At least 9 dead in Northern Calif. wildfire
Officials said nine people died in what quickly grew into the state's most destructive fire in at least a century
By Don Thompson and Gillian Flaccus
PARADISE, Calif. — A fierce wildfire in Northern California incinerated most of a town of about 30,000 people with flames that moved so fast there was nothing firefighters could do, authorities said Friday. Nine people died in what quickly grew into the state's most destructive fire in at least a century.
Only a day after it began, the blaze near the town of Paradise had grown to nearly 140 square miles (362 square kilometers), had destroyed more than 6,700 structures — almost all of them homes — and was burning completely out of control.
"There was really no firefight involved," Capt. Scott McLean of the California Department of Forestry and Fire Protection said, explaining that crews gave up attacking the flames and instead helped people get out alive. "These firefighters were in the rescue mode all day yesterday."
With fires also burning in Southern California , state officials put the total number of people forced from their homes at about 250,000. Evacuation orders included the entire city of Malibu, which is home to 13,000, among them some of Hollywood's biggest stars.
President Donald Trump issued an emergency declaration providing federal funds for Butte, Ventura and Los Angeles counties.
Breaking: #Campfire in Butte County has destroyed over 6,700 structures and is now over 90,000 acres. The fire has killed 9 people and is now the most destructive wildfire in California history. #CaliforniaFires pic.twitter.com/VtvY6040ws— PM Breaking News (@PMBreakingNews) November 10, 2018
When Paradise was evacuated, the order set off a desperate exodus in which many motorists got stuck in gridlocked traffic and abandoned their vehicles to flee on foot. People reported seeing much of the community go up in flames, including homes, supermarkets, businesses, restaurants, schools and a retirement center.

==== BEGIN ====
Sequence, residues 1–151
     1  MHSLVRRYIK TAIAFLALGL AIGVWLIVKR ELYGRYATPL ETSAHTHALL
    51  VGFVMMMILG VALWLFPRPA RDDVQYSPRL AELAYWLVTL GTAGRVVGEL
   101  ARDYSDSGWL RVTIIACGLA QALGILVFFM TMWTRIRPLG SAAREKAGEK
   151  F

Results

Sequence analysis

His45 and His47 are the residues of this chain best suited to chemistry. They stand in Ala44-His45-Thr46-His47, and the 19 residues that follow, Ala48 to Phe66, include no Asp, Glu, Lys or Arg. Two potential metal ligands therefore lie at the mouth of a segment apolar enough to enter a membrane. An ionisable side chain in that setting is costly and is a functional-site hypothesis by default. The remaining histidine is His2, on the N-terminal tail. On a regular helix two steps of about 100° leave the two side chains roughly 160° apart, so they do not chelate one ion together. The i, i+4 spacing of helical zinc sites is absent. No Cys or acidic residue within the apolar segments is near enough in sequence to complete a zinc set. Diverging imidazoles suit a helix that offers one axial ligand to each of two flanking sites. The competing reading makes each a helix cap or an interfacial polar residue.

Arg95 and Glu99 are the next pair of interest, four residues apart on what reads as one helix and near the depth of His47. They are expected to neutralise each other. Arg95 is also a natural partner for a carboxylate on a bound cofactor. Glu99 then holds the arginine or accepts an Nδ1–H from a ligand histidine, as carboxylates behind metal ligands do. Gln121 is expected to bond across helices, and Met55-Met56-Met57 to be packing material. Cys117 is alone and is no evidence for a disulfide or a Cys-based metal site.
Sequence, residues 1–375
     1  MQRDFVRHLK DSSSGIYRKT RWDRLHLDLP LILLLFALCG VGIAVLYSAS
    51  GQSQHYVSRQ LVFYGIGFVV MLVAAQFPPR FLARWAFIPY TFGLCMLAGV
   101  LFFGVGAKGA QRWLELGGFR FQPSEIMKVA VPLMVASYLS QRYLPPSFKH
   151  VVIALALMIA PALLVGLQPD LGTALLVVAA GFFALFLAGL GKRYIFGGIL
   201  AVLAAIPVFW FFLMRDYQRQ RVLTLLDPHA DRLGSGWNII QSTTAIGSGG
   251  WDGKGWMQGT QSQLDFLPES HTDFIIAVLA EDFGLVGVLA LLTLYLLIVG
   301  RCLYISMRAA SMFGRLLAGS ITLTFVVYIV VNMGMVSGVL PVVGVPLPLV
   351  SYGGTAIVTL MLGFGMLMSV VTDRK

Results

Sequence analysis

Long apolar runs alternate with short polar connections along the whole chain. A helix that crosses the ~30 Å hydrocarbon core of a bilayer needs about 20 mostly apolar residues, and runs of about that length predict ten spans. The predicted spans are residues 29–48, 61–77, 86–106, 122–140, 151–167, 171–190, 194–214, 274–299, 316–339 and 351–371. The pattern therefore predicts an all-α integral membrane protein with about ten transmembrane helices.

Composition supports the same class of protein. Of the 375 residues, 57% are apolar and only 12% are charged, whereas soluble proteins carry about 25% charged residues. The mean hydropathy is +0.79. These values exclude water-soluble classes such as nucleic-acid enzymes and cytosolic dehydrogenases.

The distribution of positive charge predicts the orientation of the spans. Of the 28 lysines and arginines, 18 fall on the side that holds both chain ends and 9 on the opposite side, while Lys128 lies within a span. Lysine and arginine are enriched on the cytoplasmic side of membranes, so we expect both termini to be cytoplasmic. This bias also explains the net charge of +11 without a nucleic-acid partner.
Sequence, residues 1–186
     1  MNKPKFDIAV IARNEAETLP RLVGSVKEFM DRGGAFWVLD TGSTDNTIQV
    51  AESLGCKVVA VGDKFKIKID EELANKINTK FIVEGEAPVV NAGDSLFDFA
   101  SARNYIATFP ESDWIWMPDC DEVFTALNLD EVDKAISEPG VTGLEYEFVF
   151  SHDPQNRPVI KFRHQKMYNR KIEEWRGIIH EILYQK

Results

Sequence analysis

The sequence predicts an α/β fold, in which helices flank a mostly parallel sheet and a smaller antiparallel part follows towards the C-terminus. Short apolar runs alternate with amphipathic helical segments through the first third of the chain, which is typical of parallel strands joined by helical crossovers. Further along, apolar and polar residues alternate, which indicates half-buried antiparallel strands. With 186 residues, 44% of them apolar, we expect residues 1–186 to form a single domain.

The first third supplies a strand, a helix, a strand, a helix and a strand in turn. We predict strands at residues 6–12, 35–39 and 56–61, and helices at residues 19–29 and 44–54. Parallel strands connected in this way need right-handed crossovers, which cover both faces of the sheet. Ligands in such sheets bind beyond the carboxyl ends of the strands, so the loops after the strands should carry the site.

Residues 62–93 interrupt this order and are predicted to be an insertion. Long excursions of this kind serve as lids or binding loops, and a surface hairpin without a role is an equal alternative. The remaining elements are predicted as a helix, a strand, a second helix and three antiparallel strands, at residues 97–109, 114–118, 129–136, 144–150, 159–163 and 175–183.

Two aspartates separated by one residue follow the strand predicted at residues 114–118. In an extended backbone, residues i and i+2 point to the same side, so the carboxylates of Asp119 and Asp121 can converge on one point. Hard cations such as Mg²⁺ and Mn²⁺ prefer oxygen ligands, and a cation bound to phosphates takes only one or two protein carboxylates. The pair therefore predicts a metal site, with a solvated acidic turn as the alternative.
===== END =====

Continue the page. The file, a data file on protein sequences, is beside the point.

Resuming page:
Rural areas fared little better. Many homes have propane tanks that were exploding amid the flames. "They were going off like bombs," said Karen Auday, who escaped to a nearby town.
McLean estimated that the lost buildings numbered in the thousands in Paradise, about 180 miles (290 kilometers) northeast of San Francisco.
The #CampFire is now the most destructive wildfire in California history. Previous record was 5600 structures in the 2017 Tubbs Fire. It was just reported that the Camp Fire has already burned more than 6500 structures... #CAwx @KPIXtv pic.twitter.com/gXpXjPq3M3— Paul Deanno (@PaulKPIX) November 10, 2018
"Pretty much the community of Paradise is destroyed. It's that kind of devastation," he said.
While the cause of the fire wasn't known, Pacific Gas & Electric Company told state regulators it experienced an outage on an electrical transmission line near Paradise about 15 minutes before the blaze broke out. The company said it later noticed damage to a transmission tower near the town. The utility's filing was first reported by KQED News.
The massive blaze spread north Friday, prompting officials to order the evacuation of Stirling City and Inskip, two communities north of Paradise along the Sierra Nevada foothills.
The wind-driven flames also spread to the west and reached Chico, a city of 90,000 people. Firefighters were able to stop the fire at the edge of the city, Cal Fire Cpt. Bill Murphy said.
There were no signs of life Friday on the road to Paradise except for the occasional bird chirp. A thick, yellow haze from the fire hung in the air and gave the appearance of twilight in the middle of the day.
Strong winds had blown the blackened needles on some evergreens straight to one side. A scorched car with its doors open sat on the shoulder.